Ask Our Expert: How to Choose Your Health Care ProxyAsk Our ExpertDiet, Food & Fitness
Imagine that you suddenly got too sick to make your own decisions about your medical care. Who would you want to make such decisions on your behalf?
You have the right to choose a health care proxy, or person you trust to make medical decisions for you in case you are unable to speak for yourself. Once you select your proxy, you can make your decision known by filling out a simple form known as a Health Care Proxy.
Dr. Reba Williams, Medical Director, NYC Health + Hospitals/Gotham Health, Sydenham, shares her top tips for choosing your health care proxy.
If you are 18 or older, the time is now.
If you are 18 or older, and become unable, even temporarily, to make health care decisions, you can name someone else to make them for you. Appointing a proxy lets you control your medical treatment. That is why all adults should complete a Health Care Proxy form.
If you are elderly, or have chronic health conditions, it is especially important that you identify someone you trust to speak on your behalf in case you are unable to speak for yourself.
Choose a person you trust to make decisions in line with your wishes.
Your health care proxy can be a family member, your spouse, or a friend. This person will be able to talk to your doctors, look at your medical records, and make decisions about different tests or procedures if you are unable to do so yourself. Be sure to choose someone you think can best honor your wishes and preferences for your care.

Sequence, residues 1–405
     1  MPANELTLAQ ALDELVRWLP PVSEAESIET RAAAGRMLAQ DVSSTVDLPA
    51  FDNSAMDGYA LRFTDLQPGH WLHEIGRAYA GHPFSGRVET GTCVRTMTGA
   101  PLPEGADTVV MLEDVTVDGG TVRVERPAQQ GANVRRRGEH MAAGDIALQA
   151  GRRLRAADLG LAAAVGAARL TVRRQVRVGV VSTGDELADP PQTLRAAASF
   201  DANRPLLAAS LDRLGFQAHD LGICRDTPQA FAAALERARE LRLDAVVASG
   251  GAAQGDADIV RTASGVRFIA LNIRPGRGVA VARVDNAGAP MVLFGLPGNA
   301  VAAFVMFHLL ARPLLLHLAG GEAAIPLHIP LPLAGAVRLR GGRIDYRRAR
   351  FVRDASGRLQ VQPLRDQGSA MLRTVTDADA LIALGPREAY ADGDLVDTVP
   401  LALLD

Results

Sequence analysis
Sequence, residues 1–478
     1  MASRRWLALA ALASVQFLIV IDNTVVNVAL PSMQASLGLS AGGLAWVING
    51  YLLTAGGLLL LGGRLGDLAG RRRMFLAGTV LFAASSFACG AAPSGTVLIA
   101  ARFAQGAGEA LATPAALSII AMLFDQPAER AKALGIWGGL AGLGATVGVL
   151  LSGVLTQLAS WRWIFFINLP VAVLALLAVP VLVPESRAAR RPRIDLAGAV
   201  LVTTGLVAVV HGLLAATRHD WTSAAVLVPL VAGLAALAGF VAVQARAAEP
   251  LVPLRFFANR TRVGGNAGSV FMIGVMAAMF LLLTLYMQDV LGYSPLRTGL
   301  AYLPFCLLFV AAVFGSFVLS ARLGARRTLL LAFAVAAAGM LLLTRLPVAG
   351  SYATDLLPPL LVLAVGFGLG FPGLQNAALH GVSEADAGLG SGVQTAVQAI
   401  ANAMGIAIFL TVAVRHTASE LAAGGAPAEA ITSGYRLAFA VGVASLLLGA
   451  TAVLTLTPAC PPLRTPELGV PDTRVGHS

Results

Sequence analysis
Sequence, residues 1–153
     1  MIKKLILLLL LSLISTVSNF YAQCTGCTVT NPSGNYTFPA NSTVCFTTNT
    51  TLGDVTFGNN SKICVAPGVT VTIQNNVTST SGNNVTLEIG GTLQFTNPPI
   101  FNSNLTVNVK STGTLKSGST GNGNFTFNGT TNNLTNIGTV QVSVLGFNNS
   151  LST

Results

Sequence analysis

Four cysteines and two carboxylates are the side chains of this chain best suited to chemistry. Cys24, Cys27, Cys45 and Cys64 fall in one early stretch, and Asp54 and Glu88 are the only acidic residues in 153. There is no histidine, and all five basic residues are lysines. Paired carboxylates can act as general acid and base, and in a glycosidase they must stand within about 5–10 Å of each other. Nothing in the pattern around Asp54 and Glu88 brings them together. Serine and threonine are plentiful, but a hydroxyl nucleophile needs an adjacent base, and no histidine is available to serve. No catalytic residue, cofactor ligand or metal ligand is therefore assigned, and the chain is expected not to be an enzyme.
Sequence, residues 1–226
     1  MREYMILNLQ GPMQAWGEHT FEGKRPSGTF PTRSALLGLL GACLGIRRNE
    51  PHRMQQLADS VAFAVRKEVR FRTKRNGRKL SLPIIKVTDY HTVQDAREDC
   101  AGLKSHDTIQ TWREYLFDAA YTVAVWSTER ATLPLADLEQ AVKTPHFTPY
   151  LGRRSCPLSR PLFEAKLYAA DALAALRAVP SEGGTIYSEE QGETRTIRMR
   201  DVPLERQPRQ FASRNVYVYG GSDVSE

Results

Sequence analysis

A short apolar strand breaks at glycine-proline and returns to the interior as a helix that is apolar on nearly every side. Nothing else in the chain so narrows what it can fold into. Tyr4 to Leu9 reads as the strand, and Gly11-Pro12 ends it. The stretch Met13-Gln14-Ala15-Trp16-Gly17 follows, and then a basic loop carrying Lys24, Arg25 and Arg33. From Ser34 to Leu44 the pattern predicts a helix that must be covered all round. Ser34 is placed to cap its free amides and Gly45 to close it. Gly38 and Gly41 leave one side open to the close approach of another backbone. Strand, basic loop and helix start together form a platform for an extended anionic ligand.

Make sure the person you choose is comfortable with the role.
Once you choose someone, take the time to explain that in this role, the person will be responsible for making medical decisions on your behalf if you are unable to make them yourself. Be sure to answer any questions and communicate any goals or wishes you may have for your care.
You can change your health care proxy at any time.
It is okay to change your mind about who you choose to be your proxy for any reason. Just be sure to fill out a new form and inform your doctor and family members about the change.Your doctor can answer any other questions you may have about choosing a health care proxy and help you fill out the form.
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